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Culture: The Lifeblood of our People

Art imitates life and vice versa...even in da 'hood

By Frankie Firme ~ Contributing Editor
Published on LatinoLA: August 13, 2008


Culture: The Lifeblood of our People


As is becoming well known again throughout every and any circle of common intelligence, education, and civilization (and anybody else who considers themselves a cool, hip, and in the know adult), the arts are one of the very few universal promoters of culture.

One dictionary definition that has always stuck with me throughout my adult life is the one that goes something like this:

CULTURE: "The training, development, enlightenment, and refinement of mind, morals, and taste‘«™."

‘«™pretty heavy, huh?

If you didn't know Mexican food originated in Mexico, Chinese food originated in China, and that buffalo wings really don't come off buffaloes, would you still eat it?

If you didn't know that music and singing were arts that required talent, exposure, and years of practice...would you still listen to it?

What in your mind determines what color or style of clothes, car, or home furnishings you will pick and live with?

The exposure to all of the above is an exercise in culture, my friends.

Culture to me also defines whom I am in reference to where I, and my ancestors came from, and what makes me laugh, cry, sing, look at, reject or accept, and enjoy the many different things and people that make up my world...and how I came to learn things in general.

I learned things starting from my very first day in school from a beautiful Japanese teacher in East L.A., who would serve us our graham crackers and horchata just before our afternoon nap while playing classical music by Beethoven, Mozart, and Chopin...names I would learn and appreciate later in life.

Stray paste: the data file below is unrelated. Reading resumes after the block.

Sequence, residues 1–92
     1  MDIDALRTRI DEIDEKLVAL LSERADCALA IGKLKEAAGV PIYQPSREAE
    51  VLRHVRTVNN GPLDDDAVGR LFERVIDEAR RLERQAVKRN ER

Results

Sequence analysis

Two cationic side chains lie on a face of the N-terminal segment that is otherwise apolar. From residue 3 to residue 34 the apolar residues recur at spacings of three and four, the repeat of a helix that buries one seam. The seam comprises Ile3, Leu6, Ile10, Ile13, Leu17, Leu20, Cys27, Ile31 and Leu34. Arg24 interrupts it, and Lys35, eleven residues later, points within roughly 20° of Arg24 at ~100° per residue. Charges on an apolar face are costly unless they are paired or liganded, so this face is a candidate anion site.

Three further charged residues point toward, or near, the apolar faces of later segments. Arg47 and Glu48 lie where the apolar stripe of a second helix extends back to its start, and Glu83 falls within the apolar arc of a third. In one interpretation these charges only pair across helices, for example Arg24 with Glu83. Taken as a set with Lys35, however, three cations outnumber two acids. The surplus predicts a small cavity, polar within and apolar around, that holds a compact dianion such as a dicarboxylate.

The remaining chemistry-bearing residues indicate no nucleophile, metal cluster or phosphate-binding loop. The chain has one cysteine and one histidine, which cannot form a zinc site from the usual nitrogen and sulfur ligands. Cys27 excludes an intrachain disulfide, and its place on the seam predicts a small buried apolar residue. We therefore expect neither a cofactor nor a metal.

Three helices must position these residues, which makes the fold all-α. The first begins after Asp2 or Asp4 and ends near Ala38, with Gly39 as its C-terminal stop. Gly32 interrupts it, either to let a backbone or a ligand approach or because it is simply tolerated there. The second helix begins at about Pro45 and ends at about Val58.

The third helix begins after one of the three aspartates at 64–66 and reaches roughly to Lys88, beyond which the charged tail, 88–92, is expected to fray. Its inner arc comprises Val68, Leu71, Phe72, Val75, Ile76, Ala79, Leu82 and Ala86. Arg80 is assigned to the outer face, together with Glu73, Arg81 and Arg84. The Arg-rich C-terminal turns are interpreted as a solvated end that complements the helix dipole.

I learned things from another beautiful Japanese teacher in the 6th grade who taught us how to square dance, sing American folk songs in unison, read and interpret poetry from the likes of Robert Frost, Emily Dickinson, and Arthur Rambo, and encouraged us to write stories after reading the likes of Edgar Allen Poe and Will Rogers.

I had a third beautiful Japanese teacher in the 9th grade who taught us how explore the verses of song, and how to create things from paper mache, clay, colored paper, glue, paint, and ice cream sticks...and on the side, she encouraged a lot of 8th & 9th graders to explore and join the Chicano Movimiento of the late 1960's as it was happening. (She was married to a Chicano Movimiento leader)

Growing up in a large Latino family, I attended more baptisms, weddings, quincea??eras, funerals, birthday parties, bar-b-que's, and fiestas than you can imagine, and Mexico Lindo was ingrained in my soul, along with life in the streets of L.A‘«™.

All the while listening to the finest rock & roll, funk, soul, classic R&B, and rock music of the time that was everywhere in L.A., and I had a lot of friends to share it with as I grew up.

I didn't know it then, but I was assimilating, enjoying, and sharing culture while growing up.

At age 17 I joined the U.S. Marines, and traveled to the far east, visiting many different countries, including Japan...yet I found NOTHING anywhere near what I was taught by my beautiful Japanese-American teachers! Talk about culture shock! Exploring Japanese art was an experience in itself, because I wanted to know where these influential women had come from. The answers were enriching, and I find myself owing them a debt of gratitude for enriching my life with culture.

I also met guys from the Philippines, Australia, Ireland, Samoa, Hawaii, Canada, Mexico City, Puerto Rico, the Dominican Republic, Africa, Peru, Cuba, and Portugal...all who had joined the U.S. Marines along with white guys from places like Pocatelo, Idaho, and American Indians from places like Wapanucka, Oklahoma, who had never even heard of a Chicano until they met guys like me.